However, like the C3, the front-drive 100/100S/100CS outsold the quattro model by a fair margin. Audi claims they traded 2,230 of the new 100CS quattro in 1992, and here’s the nicest one out there:
Like more than a few Audi fans, my love affair with the S8 now spans 20 years since it first ‘shoved’ its way into my imagination via the thriller Ronin. It still seems to have set the bar for the most epic and reasonably realistic car chase movies out there, though Bullitt gets more attention and notoriety. That the S8 then came to the U.S. three years later made the dream more of a potential reality. Unfortunately, the S8 stickered for $78,000; approximately $76,000 more than my typical budget for Audis. It might have been geographically closer, but ownership was still a long way off.
Thanks to depreciation in the luxury market, though, over the past two decades these mega-S models have come tantalizingly closer to a price point that I can afford. But I’ve owned cheap executive Audis before a few times, and…well, it’s seldom a great idea. As the addage goes, ‘there’s nothing more expensive than a cheap (insert brand name here)’, and that certainly can apply to the S8. So while it’s very tempting to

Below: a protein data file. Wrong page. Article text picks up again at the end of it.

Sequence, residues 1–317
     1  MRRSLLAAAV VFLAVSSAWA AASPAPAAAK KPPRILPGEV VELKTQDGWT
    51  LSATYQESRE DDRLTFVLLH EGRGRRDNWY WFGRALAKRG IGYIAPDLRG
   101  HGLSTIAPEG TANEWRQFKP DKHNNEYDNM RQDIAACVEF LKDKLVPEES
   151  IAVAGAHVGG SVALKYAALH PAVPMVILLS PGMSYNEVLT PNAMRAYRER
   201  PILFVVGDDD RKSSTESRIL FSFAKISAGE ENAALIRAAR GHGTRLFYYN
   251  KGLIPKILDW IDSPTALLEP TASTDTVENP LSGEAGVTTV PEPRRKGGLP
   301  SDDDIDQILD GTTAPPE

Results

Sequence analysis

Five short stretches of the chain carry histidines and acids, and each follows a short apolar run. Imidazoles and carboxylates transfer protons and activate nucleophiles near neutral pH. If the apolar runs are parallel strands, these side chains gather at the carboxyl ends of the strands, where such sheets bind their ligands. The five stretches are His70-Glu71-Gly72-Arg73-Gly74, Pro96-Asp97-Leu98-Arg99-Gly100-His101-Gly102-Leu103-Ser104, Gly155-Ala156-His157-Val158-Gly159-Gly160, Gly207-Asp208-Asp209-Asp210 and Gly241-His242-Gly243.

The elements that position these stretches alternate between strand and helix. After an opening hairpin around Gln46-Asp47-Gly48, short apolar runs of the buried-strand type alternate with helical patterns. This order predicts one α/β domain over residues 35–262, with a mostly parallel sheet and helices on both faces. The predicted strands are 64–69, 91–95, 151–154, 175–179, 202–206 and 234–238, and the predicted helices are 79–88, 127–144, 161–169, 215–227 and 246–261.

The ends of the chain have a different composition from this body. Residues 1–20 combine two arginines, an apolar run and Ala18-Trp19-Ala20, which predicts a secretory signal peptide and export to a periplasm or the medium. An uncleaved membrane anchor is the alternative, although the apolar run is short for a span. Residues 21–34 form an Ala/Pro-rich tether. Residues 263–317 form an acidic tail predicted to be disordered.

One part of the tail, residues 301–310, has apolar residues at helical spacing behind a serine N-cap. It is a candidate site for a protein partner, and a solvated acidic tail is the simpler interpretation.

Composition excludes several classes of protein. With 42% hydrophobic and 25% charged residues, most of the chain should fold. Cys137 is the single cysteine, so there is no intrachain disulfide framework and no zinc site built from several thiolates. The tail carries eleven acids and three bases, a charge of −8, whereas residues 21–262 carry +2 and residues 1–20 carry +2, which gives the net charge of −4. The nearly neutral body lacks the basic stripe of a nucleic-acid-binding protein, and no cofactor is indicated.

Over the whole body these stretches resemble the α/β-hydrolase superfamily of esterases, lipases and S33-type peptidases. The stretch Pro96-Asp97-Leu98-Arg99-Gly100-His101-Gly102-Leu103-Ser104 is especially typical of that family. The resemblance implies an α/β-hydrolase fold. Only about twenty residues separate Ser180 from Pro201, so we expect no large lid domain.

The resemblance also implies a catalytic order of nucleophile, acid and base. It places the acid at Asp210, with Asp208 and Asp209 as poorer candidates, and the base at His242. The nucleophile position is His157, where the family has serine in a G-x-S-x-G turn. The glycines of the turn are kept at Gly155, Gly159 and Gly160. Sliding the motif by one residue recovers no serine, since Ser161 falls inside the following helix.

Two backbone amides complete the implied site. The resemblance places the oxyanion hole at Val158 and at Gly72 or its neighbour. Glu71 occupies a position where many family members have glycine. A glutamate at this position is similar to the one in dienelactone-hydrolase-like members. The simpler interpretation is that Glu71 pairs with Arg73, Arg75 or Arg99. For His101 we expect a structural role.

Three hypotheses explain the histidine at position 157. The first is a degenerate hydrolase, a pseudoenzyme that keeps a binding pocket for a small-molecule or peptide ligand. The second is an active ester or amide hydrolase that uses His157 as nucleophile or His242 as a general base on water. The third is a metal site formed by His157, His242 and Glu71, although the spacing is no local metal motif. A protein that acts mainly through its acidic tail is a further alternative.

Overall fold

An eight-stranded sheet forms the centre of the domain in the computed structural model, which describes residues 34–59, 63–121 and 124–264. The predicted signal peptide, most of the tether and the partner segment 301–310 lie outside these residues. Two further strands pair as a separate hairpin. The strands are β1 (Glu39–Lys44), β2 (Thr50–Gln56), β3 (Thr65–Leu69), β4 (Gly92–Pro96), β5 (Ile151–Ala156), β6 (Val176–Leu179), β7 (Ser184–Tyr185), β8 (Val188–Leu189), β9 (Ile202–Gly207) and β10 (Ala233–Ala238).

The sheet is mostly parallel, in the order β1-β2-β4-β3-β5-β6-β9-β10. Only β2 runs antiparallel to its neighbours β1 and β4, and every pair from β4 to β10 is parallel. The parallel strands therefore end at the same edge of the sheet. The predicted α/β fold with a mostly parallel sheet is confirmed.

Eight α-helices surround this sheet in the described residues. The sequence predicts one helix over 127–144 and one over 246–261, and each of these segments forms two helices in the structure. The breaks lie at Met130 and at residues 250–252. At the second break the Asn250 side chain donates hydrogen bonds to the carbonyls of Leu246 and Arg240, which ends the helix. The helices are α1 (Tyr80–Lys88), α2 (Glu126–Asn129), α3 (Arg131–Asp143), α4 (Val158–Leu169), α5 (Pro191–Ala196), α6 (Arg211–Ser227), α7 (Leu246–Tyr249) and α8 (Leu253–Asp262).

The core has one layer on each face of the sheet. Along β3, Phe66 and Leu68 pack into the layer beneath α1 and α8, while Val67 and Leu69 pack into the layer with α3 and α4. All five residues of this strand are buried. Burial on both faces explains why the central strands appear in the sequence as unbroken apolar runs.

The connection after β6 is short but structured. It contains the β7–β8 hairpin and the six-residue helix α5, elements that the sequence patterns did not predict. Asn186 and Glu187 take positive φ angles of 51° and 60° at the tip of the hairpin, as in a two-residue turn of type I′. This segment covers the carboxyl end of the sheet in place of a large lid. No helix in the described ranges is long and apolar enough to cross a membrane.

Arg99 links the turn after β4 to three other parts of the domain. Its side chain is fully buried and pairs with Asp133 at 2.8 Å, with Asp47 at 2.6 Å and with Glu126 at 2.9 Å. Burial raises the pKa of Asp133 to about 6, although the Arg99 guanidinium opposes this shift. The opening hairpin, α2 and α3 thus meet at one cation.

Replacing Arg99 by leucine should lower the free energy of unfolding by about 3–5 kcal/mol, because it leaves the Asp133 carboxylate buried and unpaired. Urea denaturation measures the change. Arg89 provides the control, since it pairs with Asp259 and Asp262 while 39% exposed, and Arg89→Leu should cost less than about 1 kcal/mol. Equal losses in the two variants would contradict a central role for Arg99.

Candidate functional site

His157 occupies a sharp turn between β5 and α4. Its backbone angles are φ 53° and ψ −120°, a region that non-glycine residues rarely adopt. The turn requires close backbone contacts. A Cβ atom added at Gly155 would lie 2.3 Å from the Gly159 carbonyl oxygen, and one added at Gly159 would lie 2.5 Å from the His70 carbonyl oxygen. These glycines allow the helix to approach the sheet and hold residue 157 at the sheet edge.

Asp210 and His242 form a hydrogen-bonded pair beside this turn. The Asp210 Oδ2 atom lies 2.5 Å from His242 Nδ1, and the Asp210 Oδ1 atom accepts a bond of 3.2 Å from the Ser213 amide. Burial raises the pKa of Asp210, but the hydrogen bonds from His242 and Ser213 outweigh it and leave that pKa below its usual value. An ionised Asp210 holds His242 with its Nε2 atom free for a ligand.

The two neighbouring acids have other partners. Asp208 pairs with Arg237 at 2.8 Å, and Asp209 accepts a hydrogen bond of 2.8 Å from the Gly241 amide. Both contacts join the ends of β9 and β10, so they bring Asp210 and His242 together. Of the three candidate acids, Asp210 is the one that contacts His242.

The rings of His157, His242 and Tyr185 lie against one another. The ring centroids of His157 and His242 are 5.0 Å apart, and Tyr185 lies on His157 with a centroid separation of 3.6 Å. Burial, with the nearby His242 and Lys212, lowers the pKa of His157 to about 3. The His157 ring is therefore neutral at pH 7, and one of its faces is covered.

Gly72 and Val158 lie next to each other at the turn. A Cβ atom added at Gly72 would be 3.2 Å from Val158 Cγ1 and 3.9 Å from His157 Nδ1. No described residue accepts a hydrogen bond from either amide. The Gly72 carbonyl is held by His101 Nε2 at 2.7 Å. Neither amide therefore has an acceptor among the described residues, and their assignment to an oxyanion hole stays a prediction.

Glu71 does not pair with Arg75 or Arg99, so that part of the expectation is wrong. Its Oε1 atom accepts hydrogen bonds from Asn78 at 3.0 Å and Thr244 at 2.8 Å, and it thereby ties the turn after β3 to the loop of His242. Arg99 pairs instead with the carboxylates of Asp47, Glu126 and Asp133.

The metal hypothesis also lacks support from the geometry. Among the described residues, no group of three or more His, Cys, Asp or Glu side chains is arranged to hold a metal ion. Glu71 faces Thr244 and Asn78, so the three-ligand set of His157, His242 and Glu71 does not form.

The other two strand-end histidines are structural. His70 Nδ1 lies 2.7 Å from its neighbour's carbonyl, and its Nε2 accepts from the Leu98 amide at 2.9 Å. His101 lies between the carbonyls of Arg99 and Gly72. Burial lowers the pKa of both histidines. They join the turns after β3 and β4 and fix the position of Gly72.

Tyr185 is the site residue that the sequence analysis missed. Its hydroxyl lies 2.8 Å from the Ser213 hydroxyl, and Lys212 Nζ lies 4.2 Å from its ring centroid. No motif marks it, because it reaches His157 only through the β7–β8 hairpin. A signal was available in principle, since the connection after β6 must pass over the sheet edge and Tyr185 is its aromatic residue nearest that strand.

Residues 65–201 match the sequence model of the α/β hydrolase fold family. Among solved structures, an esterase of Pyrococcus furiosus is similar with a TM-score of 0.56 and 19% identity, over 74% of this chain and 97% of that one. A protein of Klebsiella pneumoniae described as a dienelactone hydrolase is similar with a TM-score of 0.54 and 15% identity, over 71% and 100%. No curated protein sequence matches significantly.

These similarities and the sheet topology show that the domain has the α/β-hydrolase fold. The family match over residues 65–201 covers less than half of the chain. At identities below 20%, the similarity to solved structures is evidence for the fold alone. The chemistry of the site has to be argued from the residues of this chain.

briefly consider repeatedly look at that $2,000 example on my local Craigslist, the logical side of me says the one to get is one that’s been gone through. One, perhaps, just like this Cashmere Gray Metallic example:
Update 2/12/18: A year after we originally featured it, this ultra-rare S6 Plus is back with 1,000 more miles for $500 less. It’s still a steep price for one of these super-S models, but it’s pretty hard to find them at all, never mind like this.